The two wars created by the attack on the Twin Towers, in Iraq and Afghanistan, are long over, although neither was won. Abandonment of these wars was the result of both political fatigue and an overdue acknowledgement of how useless it is to try and bully, or bribe, a radically different culture into accepting significant social and political change. In both places it was beneficial to throw out the brutal and morally corrupt governments. Unfortunately, on balance, for the thousands of lives lost and the trillions of dollars spent trying to bring about structural change, there is precious little evidence anything positive remains – and even less evidence that a level of gratitude, or good will, exists toward those countries that stepped forward to help.
For all of the patriotic hoopla and warriors for democracy speeches, fighting terrorism on the ground in a foreign country has proven a bust. The mere fact that you come from a different land with a totally foreign culture – aspects of which you are trying to impose on them – makes you an invader. The brave soldiers who died in the attempt did so for the right reasons, and still deserve to be honored for their sacrifice, but it becomes difficult to understand how in that vast storehouse of wisdom and knowledge called government, nobody could predict such an obviously poor result.
So, how should terrorists be dealt with? If the model the U.S. has more recently developed can be taken as the reigning example, (one learned after many years of sacrificing their young people in battle and financial resources in support), it’s more efficient to put your efforts into determining, through intelligence gathering, who are the brains and the leadership behind the terrorist organization – and to fly an unmanned drone to their location and blow them to bits, (I wonder if Tom Clancy gets royalties from this). If they miss, the drones are relatively cheap and another chance will sooner or later arise. In the meantime, terrorist leaders are now, themselves, being terrorized by the constant threat of bolts from the sky – and perhaps there is justice in that.
The weakness is, this technique becomes effective only with substantial, well-organized, terrorist groups – ones capable of being studied. Not all are. We live in a world where many thousands, or even hundreds of thousands, of individuals are willing to die for a cause. Combine a few of these disaffected souls into a terrorist cell and expose them to recipes for explosives, or deadly poisons, and the damage they are capable of is far out of proportion to their numbers. In this present day technological advances place more and more destructive power in fewer and fewer hands. Indeed, bombs no bigger than a backpack have been tested which are capable of wiping out the downtown core of virtually any city on Earth, and leaving it a moonscape for generations. The mere existence of such potential ensures the future of continued anti-terrorist activities.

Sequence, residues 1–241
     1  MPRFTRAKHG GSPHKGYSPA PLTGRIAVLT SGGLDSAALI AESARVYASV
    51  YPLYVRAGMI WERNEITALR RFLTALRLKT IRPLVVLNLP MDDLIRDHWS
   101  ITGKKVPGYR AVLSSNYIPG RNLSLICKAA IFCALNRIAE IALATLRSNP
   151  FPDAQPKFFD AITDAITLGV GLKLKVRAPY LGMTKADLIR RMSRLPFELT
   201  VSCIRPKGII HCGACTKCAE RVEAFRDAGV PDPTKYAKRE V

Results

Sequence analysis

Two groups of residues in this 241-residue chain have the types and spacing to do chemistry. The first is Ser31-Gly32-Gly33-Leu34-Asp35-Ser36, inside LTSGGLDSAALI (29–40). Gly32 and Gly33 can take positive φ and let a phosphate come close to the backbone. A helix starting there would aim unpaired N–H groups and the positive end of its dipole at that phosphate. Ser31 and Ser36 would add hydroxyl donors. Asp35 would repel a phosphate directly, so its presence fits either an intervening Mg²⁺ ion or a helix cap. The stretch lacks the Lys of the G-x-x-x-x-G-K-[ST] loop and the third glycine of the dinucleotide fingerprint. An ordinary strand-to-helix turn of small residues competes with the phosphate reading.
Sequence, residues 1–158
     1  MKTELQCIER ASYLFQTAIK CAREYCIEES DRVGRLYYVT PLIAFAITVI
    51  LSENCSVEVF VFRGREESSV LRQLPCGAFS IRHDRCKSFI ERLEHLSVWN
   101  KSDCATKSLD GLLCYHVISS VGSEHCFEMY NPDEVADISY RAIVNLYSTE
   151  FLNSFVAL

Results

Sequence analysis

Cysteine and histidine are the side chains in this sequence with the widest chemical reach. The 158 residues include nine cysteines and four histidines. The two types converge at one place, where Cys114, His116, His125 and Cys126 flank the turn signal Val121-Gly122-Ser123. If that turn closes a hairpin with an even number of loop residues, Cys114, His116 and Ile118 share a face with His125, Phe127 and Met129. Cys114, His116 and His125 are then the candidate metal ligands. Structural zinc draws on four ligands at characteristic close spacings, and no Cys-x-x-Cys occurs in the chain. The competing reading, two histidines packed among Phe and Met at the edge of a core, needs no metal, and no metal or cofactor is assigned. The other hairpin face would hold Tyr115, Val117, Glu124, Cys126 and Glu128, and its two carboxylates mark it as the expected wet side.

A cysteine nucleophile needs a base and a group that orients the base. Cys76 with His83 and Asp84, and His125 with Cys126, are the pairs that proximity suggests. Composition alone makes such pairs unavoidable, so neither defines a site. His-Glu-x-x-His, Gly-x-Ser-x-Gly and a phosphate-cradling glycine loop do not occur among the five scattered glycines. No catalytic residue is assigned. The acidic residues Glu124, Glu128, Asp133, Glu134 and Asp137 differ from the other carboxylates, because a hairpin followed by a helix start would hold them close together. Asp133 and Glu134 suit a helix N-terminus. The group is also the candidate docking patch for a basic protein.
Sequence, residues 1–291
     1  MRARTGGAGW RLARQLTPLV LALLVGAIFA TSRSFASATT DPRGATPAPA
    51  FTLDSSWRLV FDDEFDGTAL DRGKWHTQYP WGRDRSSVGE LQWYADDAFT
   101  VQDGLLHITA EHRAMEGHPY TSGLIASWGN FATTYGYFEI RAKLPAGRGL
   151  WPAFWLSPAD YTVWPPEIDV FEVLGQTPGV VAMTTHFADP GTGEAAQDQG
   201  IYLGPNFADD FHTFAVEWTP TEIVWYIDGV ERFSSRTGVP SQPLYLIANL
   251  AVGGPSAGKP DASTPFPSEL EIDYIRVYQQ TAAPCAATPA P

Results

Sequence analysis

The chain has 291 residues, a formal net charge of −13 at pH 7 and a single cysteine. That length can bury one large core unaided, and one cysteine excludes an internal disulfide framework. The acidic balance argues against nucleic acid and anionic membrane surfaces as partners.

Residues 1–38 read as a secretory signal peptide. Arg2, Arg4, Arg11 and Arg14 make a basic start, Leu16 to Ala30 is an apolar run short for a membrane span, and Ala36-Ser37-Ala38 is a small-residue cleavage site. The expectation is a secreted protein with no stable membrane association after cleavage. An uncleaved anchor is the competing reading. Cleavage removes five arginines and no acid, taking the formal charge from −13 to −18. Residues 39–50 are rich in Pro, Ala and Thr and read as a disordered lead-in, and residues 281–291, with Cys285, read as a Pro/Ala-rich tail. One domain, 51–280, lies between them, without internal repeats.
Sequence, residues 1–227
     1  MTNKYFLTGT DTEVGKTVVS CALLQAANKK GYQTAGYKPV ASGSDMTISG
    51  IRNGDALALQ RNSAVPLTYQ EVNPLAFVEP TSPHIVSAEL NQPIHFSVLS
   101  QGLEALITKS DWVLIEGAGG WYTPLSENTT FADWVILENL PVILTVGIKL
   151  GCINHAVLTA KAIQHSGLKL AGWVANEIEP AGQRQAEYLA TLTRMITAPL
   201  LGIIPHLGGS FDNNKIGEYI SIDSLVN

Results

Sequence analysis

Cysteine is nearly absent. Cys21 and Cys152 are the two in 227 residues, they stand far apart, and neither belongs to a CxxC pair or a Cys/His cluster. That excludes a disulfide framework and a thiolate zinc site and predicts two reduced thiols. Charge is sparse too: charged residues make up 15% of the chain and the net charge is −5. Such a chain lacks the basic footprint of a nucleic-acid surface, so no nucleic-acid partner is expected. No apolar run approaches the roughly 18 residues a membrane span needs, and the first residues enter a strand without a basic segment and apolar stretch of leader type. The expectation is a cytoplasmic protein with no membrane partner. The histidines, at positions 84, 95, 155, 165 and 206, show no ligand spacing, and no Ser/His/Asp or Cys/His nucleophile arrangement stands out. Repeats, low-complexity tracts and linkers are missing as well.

Our governments continually seek to discourage those who promote terrorism and, hopefully, intercept those who perpetrate it, but bitter and angry people will always be with us. It’s a disease for which no cure has been found, and whether we call the more extreme proponents terrorists, mass-murderers or, simply, fanatical psychopaths, their goal is to rid the world of “us”. The questions each of "us" must ask are: How great a threat are they really, and what are we willing to sacrifice to stop them? So far, we have been leaving these questions up to governments and they have been working out on the extreme edge, fearful of being blamed if something gets by.
As individuals at risk of terrorist attacks, we are left exposed not just to terrorism but to the possible corruption imbedded in those extra powers we give governments to fight it. Although there is little we can do as individuals, one action we can take is to exercise our opportunity, and perhaps even our obligation, to live our lives boldly and confidently – setting clear and transparent lifestyle goals and working to achieve them. Only by displaying the value and joy in living with freedom, and its privileges, can we encourage the rest of the world to copy us. Only by giving those who live with fear and hate a positive example – one potentially open to them – will we bring about real change. Terrorism arises from people who live ugly lives. They have to be shown a better alternative exists, and if they make the right choices it could be available to them. Inherent in this action is the need to maintain or even enhance our present freedoms. Unfortunately, this is not the direction we are moving in. I guess this means the bad guys are winning.
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Just a Picture